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Glutanious Rice - An Asian sensation

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How does one cook glutanious rice?

This rice variety is used as the staple food in Laos and northeastern Thailand (khao niao). In Vietnam (gao nep) it is mainly used for desserts, dessert soups and rice cakes. Sticky rice is opaque white and has a thick, bulbous grain. For desserts, there is also a dark red or black sticky rice (thai: khao niew dam). It is quite easy to distinguish between jasmine rice and glutinous rice: while uncooked, jasmine rice is a bit translucent, glutinous rice is a bright white color. When boiled it is the other way around, now the sticky rice is somewhat translucent, while the jasmine rice is white. It is often said that glutinous rice is only to be eaten in small quantities, otherwise it would cause digestive problems. That's not true, on the contrary sticky rice is very healthy and promotes digestion. Incidentally, it contains no gluten despite the English name "Glutinous Rice" just like all other rice varieties. Sticky rice can not be replaced by the risotto or rice pudding we use. Thai glutinous rice in very good quality is obtained in Asian markets (recommendation below).

Glutinious Rice

Source: Pixabay - glutanious rice


To prepare glutinous rice for Laotian dishes you need a bamboo rice steamer. It consists of a conical shaped bamboo basket and an aluminum pot with a specially curved opening. You need at least 400g of glutinous rice to get the right consistency when steaming later. Wash the sticky rice thoroughly in lukewarm water several times, rubbing the rice grains between your hands. Then soak the sticky rice in lukewarm water for at least 3 hours, better overnight. Now thoroughly rinse the bamboo basket inside with lukewarm water. This prevents the sticky rice from sticking to the basket later. Fill the soaked glutinous rice together with the soaking water into the bamboo basket over the sink. The soaking water runs naturally through. Arrange the sticky rice in the middle of the bamboo basket, but do not press it up against the wall.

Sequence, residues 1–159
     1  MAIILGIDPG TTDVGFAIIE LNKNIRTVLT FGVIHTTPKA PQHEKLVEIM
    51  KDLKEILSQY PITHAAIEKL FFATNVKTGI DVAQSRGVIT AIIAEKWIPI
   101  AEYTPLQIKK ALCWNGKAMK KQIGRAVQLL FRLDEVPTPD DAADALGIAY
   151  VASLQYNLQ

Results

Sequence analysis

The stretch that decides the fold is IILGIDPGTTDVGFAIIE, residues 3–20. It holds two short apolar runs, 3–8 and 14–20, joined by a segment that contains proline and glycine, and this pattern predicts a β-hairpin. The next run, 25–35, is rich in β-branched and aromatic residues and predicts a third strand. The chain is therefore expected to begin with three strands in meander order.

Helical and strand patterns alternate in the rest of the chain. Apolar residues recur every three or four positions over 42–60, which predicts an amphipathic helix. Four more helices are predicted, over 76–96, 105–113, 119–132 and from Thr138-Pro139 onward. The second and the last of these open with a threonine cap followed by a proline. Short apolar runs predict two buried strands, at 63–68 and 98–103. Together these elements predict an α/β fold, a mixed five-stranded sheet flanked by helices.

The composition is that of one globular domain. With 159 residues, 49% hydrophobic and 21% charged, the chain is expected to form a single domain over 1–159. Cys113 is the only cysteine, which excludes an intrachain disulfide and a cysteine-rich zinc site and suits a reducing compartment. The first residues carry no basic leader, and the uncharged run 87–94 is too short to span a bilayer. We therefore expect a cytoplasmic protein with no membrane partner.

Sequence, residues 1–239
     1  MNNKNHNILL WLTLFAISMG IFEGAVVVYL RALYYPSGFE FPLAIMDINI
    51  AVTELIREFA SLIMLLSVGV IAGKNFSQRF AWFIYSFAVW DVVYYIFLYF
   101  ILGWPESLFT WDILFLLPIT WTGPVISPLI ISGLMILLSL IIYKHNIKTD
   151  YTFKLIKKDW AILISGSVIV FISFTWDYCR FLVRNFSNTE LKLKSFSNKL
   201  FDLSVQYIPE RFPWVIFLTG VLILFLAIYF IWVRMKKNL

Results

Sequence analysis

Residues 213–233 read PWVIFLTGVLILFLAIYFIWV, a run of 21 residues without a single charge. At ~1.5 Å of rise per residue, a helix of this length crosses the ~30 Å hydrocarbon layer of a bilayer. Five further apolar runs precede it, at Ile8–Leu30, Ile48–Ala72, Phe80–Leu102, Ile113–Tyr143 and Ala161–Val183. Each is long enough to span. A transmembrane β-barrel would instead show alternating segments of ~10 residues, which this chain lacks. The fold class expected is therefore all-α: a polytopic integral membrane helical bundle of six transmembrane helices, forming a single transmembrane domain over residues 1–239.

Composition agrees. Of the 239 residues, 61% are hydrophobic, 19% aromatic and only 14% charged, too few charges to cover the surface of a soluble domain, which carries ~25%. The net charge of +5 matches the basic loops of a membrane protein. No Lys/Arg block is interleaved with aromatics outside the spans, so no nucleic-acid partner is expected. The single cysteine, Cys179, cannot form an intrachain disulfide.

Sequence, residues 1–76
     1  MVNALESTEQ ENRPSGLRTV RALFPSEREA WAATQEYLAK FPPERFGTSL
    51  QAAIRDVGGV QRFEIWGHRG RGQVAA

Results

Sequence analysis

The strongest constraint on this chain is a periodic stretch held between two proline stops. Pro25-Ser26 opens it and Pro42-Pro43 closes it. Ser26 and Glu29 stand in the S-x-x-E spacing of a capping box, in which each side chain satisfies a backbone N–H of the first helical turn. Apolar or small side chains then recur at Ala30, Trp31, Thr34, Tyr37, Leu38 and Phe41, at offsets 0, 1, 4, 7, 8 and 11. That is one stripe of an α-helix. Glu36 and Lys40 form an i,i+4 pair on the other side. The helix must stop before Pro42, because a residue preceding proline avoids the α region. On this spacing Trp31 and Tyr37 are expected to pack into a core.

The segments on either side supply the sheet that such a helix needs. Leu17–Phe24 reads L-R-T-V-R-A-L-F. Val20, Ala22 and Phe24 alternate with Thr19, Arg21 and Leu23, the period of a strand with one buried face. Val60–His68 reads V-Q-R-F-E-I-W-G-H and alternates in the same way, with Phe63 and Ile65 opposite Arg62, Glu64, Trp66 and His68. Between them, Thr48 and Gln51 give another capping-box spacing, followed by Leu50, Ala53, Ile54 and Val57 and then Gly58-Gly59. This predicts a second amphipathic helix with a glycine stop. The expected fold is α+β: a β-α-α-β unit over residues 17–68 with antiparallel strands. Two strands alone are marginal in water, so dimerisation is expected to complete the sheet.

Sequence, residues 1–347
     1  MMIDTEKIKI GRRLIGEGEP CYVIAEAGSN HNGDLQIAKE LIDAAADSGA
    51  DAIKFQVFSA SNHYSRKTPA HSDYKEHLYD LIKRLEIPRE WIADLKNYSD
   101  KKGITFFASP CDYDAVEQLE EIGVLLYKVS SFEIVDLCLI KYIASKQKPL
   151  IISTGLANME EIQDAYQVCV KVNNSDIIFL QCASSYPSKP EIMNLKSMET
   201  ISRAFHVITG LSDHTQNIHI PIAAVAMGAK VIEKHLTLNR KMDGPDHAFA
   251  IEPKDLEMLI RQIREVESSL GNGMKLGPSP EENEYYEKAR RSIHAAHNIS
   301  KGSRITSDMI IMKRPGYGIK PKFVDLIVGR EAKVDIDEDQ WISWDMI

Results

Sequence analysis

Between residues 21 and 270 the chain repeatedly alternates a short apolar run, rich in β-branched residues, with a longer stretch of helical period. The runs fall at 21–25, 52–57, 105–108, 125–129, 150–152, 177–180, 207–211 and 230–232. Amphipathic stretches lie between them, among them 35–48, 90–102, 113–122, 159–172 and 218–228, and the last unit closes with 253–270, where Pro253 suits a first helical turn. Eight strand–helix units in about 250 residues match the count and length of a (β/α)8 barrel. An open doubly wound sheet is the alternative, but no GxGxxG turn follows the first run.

Fill the aluminum pot with 1-1.5 liters of water and place on the stove, preferably gas stove. Bring to a boil. Once the water boils, put the bamboo basket on top and cover the sticky rice with a damp kitchen towel. Steam for 20 minutes, then remove the kitchen towel, take the basket with both hands and shake until the rice curd has rotated 180 degrees. Replace the kitchen towel and steam for another 10 minutes. Now tilt the sticky rice onto a clean and smooth work surface and spread with a plastic spoon or wooden spatula and let cool slightly. Then either completely authentic in small bamboo baskets or fill in a bowl and serve. At the table, pick up a small amount with the fingers of your right hand, shape it into a ball, press a small hole into it with your thumb and use the rice ball as a spoon to pick up, for example, a laotian larb.